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VW, BMW Shares Fall After Trump Auto Tariff Threat

VW, BMW Shares Fall After Trump Auto Tariff Threat.

But Experts Call It A Bluff.

German auto stocks dived initially after news President Trump threatened to impose extras tariffs on European auto imports, but it was hard to find experts who took the claim seriously.

It was viewed as the opening gambit in a move by Trump to tackle some egregious trade deficits. He made the comments in a weekend Tweet.

According to German Federal Government statistics, Germany’s auto trade surplus with the U.S. was 49 billion euros ($60 billion) worth of mainly VWs, Audis, BMW, Mercedes and Porsches in 2016. Britain’s was just over 50 billion euros, led by Jaguar and Land Rover, with a bit of help from McLaren, Bentley and Rolls Royce.

If Europe starts protesting about higher tariffs, no doubt the U.S. will remind it that the U.S. tariff is currently only 2.5% on Europe’s auto imports compared to Europe’s 10% tax on U.S. car exports. That is an anomaly that’s needed to be corrected for years.

Investment researcher Evercore ISI said Trump’s tariff thoughts were an opening gambit, but BMW, Daimler and VW were the most exposed.

At the moment, we presume that (this) is merely sabre rattling. However, were it to materialize into policy the greatest financial impact would likely be at BMW, followed by VW and Daimler. While VW has the lowest percentage of U.S. sourced vehicles at about 17% compared with 46% at Daimler and 35% at BMW, it is well known that the U.S. earnings contribution to VW brand is de minimis,” said Evercore ISI analyst Arndt Ellinghorst.

Professor Ferdinand Dudenhoeffer from the Center for Automotive Research (CAR) at the University of Duisberg-Essen thinks the Trump comments are a bluff, but doesn’t think they would do much damage even if a harsher tariff regime was imposed, and would hurt U.S. car buyers too.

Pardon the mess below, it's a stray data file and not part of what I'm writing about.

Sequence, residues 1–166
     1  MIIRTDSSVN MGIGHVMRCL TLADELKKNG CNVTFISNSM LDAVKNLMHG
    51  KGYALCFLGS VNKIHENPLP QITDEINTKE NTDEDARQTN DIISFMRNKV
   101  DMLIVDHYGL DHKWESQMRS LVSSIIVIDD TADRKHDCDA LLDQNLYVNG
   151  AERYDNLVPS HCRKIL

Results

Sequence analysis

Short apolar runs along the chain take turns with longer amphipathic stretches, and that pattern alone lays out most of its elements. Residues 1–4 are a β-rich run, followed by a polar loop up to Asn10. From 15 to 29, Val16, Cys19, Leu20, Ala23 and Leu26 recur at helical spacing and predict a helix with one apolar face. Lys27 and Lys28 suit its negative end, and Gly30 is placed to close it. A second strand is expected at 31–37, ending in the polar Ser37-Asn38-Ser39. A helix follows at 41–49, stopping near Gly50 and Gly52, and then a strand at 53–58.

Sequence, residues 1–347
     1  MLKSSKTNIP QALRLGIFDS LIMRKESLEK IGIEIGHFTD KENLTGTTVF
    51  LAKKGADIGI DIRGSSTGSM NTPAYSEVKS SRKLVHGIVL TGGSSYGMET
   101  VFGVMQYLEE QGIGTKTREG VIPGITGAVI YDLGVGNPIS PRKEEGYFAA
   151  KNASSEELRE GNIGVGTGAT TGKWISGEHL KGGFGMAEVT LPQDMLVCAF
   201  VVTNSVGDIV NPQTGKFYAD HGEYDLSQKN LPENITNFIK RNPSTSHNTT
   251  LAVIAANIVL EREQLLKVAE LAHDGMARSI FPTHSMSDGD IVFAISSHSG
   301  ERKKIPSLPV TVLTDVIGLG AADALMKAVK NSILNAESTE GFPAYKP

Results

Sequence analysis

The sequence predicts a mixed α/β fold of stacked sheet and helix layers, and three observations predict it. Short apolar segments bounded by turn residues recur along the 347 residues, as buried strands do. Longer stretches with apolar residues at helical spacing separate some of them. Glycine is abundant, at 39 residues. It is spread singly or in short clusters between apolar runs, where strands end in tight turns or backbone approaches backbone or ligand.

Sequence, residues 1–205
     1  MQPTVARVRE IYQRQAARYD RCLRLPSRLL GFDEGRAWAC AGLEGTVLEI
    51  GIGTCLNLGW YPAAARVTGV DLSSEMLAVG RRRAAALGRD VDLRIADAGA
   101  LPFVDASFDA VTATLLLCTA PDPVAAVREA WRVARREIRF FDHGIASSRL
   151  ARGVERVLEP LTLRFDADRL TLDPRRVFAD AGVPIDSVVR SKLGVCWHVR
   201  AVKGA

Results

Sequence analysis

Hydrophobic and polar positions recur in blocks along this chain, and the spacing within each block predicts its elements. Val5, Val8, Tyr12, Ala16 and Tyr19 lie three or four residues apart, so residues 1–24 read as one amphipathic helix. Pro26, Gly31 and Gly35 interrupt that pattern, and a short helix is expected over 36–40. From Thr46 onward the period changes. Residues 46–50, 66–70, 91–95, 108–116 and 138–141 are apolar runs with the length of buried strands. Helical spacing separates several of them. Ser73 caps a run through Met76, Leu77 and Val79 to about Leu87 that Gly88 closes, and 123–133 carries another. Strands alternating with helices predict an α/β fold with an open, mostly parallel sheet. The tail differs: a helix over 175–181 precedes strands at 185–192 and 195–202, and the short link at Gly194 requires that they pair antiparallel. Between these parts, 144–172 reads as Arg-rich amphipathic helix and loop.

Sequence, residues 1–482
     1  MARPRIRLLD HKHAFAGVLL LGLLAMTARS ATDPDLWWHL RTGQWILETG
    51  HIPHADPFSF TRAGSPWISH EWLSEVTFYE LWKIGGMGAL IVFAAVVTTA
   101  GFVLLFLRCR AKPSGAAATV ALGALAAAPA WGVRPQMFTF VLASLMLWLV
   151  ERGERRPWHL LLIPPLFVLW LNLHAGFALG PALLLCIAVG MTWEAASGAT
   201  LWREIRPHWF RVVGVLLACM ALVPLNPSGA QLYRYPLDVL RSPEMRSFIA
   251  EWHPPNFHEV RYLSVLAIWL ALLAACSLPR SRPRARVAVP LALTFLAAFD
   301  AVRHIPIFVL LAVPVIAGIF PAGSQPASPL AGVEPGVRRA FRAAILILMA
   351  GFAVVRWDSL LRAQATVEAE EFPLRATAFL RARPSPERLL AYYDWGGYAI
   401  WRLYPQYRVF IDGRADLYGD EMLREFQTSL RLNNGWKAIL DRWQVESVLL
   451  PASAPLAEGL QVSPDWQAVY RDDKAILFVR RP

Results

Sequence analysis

Dudenhoeffer said of the 17.25 million vehicles sold in the U.S. last year, 11.3 million were made there and about 6 million or 35% were imported. A 30% general duty would hurt U.S. domestic buyers too. Fiat Chrysler sold more than 920,000 vehicles in the U.S. that were made abroad, or more than 45% of sales. The tally for General Motors was 762,000 cars, or over 25% of sales. 

And some Germans wouldn’t be hurt that much.

“In a scenario in which all car imports from the E.U. would be penalized and export vehicles produced by German car makers in the U.S. could not be offset, this could mean a 10% drop in profits for the German auto companies,” Dudenhoeffer said.

Dudenhoeffer pointed out that Jaguar Land Rover and Volvo have no production in North America, yet.

Evercore ISI analyst Ellinghorst said Porsche wouldn’t be hurt much because it had strong pricing power. Daimler and BMWs not made in the U.S. might struggle though.

“Meanwhile, we believe that Porsche has a strong chance of pricing through any incremental duties, at least partially, and the U.S. is less material to Audi than its peers. In contrast, though Daimler and BMW make significant SUV volumes in the U.S., the U.S. is also an important market for their sedans, coupes and sports cars, all of which we believe make attractive returns in the US.,” Ellinghorst said.

VW lost 2.33% in European trading and BMW lost 1.56%, according to Reuters data..


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